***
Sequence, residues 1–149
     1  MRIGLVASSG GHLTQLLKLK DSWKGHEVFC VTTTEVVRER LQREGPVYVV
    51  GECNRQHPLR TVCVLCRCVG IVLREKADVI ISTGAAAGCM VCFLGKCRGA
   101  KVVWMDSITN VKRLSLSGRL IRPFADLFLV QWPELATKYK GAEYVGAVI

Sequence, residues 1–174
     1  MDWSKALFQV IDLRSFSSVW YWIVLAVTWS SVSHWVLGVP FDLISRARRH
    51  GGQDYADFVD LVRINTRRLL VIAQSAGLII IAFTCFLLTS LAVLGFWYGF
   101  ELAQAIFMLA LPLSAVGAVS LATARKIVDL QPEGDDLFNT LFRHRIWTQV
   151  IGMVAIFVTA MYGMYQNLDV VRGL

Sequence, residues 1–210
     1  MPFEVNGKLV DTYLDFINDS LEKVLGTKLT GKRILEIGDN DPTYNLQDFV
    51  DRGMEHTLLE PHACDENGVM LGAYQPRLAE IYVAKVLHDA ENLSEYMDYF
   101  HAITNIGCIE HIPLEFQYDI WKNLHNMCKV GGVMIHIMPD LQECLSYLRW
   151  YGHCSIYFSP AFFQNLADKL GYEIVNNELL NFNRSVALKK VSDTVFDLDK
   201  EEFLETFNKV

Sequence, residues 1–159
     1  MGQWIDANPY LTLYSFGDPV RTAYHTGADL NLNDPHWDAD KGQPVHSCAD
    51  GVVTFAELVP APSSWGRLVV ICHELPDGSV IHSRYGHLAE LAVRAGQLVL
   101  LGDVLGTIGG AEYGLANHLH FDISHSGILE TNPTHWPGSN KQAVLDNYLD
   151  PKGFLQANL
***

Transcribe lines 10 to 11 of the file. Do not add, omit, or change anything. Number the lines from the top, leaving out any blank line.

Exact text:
Sequence, residues 1–210
     1  MPFEVNGKLV DTYLDFINDS LEKVLGTKLT GKRILEIGDN DPTYNLQDFV